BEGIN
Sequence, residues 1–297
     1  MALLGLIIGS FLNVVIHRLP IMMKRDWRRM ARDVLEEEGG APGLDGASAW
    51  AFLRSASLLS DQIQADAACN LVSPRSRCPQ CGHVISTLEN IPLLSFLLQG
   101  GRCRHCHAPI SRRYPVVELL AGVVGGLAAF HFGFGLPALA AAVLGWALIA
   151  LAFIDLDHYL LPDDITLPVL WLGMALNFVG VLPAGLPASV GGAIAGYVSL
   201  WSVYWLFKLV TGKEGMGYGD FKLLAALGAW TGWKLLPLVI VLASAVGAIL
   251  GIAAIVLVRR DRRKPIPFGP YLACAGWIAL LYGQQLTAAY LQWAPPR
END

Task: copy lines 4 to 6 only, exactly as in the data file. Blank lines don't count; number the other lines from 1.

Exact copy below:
   101  GRCRHCHAPI SRRYPVVELL AGVVGGLAAF HFGFGLPALA AAVLGWALIA
   151  LAFIDLDHYL LPDDITLPVL WLGMALNFVG VLPAGLPASV GGAIAGYVSL
   201  WSVYWLFKLV TGKEGMGYGD FKLLAALGAW TGWKLLPLVI VLASAVGAIL